Believe it or not, this is very similar to the rules in the United States for deducting uniforms. According to IRS Publication 17, “Your Federal Income Tax for Individuals”, work clothes and uniforms are deductible if they meet two requirements:
- You must wear them as a condition of your employment
- The clothes are not suitable for everyday wear
The publication goes on to say that it is not enough that the clothing just be distinctive, nor is the fact that you would not be caught dead wearing the work clothes away from work! The clothing must not be suitable for taking the place of your regular clothing.
The most common example of deductible uniforms are police officers; however, there are others that would qualify.
Believe it or not, Publication 17 even mentions that musicians and entertainers can deduct the cost of theatrical clothing and accessories that are not suitable for everyday wear.
I guess Liberace and Elvis may have been motivated by more than fashion when they were picking out their wardrobe!
By Dale Jensen, CPAPosted on March 27 2014 by admin
Recently, the IRS released new requirements for taxpayers to be eligible to claim and take advantage of the Earned Income Tax Credit (EITC). The online and interactive EITC Assistant has been upgraded to assist you in determining whether you qualify based on your household income, family size and filing status.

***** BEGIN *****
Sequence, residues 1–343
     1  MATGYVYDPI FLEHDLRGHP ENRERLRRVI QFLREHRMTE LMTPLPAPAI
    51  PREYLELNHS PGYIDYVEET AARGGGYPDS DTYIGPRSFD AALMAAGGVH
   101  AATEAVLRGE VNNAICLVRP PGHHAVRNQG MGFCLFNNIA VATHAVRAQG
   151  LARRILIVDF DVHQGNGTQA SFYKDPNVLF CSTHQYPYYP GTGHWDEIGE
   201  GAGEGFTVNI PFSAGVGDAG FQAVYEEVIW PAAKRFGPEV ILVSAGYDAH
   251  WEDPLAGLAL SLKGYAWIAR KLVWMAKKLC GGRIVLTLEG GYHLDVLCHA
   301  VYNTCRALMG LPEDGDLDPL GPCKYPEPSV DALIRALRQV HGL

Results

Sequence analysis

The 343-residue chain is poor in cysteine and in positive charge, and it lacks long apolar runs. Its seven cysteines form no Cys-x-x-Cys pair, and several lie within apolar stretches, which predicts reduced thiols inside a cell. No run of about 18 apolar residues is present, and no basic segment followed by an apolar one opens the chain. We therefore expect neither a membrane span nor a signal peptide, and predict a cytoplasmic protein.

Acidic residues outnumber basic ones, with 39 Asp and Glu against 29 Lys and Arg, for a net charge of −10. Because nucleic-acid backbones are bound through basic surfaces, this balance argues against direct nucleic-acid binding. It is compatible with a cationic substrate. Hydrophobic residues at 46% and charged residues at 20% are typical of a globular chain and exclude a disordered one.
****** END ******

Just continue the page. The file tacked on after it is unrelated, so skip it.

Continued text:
You may be missing out on refundable dollars even if you owe no tax or do not have to file a tax return!
2013 adjusted gross income (AGI) must be less than:
- $46,227 ($51,567 for married filing jointly) if you have three or more qualifying children,
- $43,038 ($48,378 for married filing jointly) if you have two qualifying children,
- $37,870 ($43,210 for married filing jointly) if you have one qualifying child, or
- $14,340 ($19,680 for married filing jointly) if you do not have a qualifying child.
If you meet the AGI test, and you have the following:
- Social Security Numbers: Taxpayer and qualifying children must have valid social security numbers.
- Filing Status: Single or Head of Household only. Married filing separately does not qualify.
- Citizenship: Must be a U.S. citizen or resident alien all year.
- Investment Income: Must be $3,300 or less.
- Qualifying Child: Your child must meet the relationship, age, residency and joint return tests.
- No Qualifying Child: You must be at least age 25, but under age 65 as of December 31.
You may be eligible to claim the maximum credit even if you do not have a tax filing requirement.
Tax Year 2013 maximum credit:
- $6,044 with three or more qualifying children
- $5,372 with two qualifying children
- $3,250 with one qualifying child
- $487 with no qualifying children
Tax Year 2012 maximum credit:
- $5,891 with three or more qualifying children
- $5,236 with two qualifying children
- $3,169 with one qualifying child
- $475 with no qualifying children
For more information to determine whether a child qualifies you for the EITC, the IRS Publication 596 offers helpful tips. Some common mistakes to avoid include: